600full-revenge-of-the-bridesmaids-screenshotSo yeah, I’ve taken a perhaps overly rosy view of a film that would probably only score about 3 stars out of 5. But that’s the thing, you see. How often do I get to see a film in which two women get to love each other like this? Sure, their love for each other also gets framed by their shared hatred for Evil Caitlyn, but who doesn’t have an Evil Caitlyn in her life somewhere? Is it so wrong that us feminists want to have a little pink buttercream every now and then?

That’s the thing about female buddy pictures: they represent the sugary crumbs that women get in a world in which male buddy pictures outnumber female ones about 100 to 1.

hqdefaultJust as important, this show also reveals a few broader themes common to the female buddy picture genre.

  1. They point out how often women have to survive on high-sugar content films like this in order to see women who love each other and do things together — in short, films that pass the Bechdel Test.
  2. Creators of such films KISS [keep it simple, stupid] by selecting super-girlie themes. As much as I liked the avenging-angel bridesmaids, I want to see more films without weddings in them.
  3. These films just love to drop in plenty of male love interests. After all, let’s not go too far with that whole Bechdel Test thing, you can hear them saying.
  4. Why is it always the skinny one who gets the boyfriend in the end?

MV5BMTY0ODMzODg0N15BMl5BanBnXkFtZTcwNjg3MTU2Mw@@._V1._SX640_SY427_In retrospect I realize one of the things I loved about Orange is the New Black is how much it messed with genre tropes like this. Gone was the pink frosting; in its place was women’s prison. Women were just as close to one another, but some of them also leapt over the big heterosexual wall erected in fluff like Revenge of the Bridesmaids.

Yes, I’m saying that OITNB might be the best female buddy picture I’ve seen all year.

raven-symone-revenge-bridesmaids-17Lest you cease to trust my judgment about film, I think it’s best that I pair this rosy view of Revenge of the Bridesmaids with a snarky feminist view of a very similar film, Romy and Michele’s High School Reunion (1997), which I’ll discuss tomorrow. Stay tuned for a rant.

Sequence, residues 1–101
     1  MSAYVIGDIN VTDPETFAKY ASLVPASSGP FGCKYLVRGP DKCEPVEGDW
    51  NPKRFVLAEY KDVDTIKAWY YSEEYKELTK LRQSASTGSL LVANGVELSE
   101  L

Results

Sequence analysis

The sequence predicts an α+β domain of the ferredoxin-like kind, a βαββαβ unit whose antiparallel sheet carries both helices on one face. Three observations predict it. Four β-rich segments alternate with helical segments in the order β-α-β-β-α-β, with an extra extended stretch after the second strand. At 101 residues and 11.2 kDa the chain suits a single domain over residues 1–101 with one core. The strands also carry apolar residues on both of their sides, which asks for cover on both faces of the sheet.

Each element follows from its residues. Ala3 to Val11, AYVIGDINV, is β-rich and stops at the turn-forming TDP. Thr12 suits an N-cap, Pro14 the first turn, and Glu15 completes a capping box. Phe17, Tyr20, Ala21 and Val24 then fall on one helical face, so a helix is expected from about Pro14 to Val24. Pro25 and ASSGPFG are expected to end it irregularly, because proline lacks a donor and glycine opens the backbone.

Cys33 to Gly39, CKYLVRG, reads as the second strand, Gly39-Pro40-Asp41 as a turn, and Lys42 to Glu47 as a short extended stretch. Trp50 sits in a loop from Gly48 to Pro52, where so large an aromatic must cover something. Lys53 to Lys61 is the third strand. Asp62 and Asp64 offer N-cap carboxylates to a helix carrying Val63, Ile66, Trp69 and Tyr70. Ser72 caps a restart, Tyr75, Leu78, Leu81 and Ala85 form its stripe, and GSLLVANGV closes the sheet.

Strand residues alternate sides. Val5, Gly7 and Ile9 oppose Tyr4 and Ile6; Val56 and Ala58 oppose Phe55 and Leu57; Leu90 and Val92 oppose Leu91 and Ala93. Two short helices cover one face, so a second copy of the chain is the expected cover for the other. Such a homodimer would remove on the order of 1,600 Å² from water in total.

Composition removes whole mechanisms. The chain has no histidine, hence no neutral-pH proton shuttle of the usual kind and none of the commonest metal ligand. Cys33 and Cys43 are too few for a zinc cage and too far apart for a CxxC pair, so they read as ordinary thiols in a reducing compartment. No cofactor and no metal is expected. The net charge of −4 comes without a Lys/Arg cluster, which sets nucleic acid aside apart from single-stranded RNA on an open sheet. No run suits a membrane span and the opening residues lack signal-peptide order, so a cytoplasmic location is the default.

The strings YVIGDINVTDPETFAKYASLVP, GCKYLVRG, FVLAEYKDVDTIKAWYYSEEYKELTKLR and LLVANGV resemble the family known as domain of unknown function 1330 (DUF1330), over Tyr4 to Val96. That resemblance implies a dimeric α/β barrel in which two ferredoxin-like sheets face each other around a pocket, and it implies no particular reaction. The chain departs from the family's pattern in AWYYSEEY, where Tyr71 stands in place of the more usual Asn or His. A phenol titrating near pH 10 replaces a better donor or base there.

But I’m going to stick with my endorsement of Revenge. Films like this may pit good girls against bad, reward them with love interests, and shower everyone in frothy clothing and only slightly off-color language and situations. Only to have someone like me say, “Hey, that was a lot more off-color than one might expect from the Pat Robertson channel!” But they also show women going all-in to help one another. When we can say that no feminists were harmed in the viewing of this film — well, sometimes that has to be enough.

What’s not to love here? Subsisting on a steady diet of tea AND coffee myself, I can still see getting myself into this predicament.

I promise, once I swim back up to the top of my ocean of paperwork, I’ll finish my first post on Revenge of the Bridesmaids for my new Movie Marathon on Female Buddy Movies. I promise. Swimming as fast as I can ….

So Aldine came up with a great recommendation: that I start a mini-marathon of female buddy movies.

Beyond the classic Thelma and Louise (1991), it might be difficult to think of many of these — after all, we know from the Bechdel Test that the vast majority of films can’t be bothered to have two female characters with names who speak to each other, and who speak to each other about something other than men.

This is why the internet was invented: to offer a Wikipedia page called Female Buddy Pictures. So I’m going in search of some of the titles I’ve found there — including the weirdly intriguing Revenge of the Bridesmaids (2010), which is streaming on Netflix. (I hasten to note that the film description and photos online do not promise great things about this one, but I just like the fact that its two main stars are actually Black and Latina. Is that possible?)

DAVID CLAYTON ROGERS, RAVEN-SYMONE, JOANNA GARCIAAnyway, I might have to revisit the film optimis Thelma and Louise along the way, but in general I’m going to look for the overlooked — and imagine my perfect world, in which I run a movie theater that people actually come to, at which I get to hold my own movie marathons. Please join in!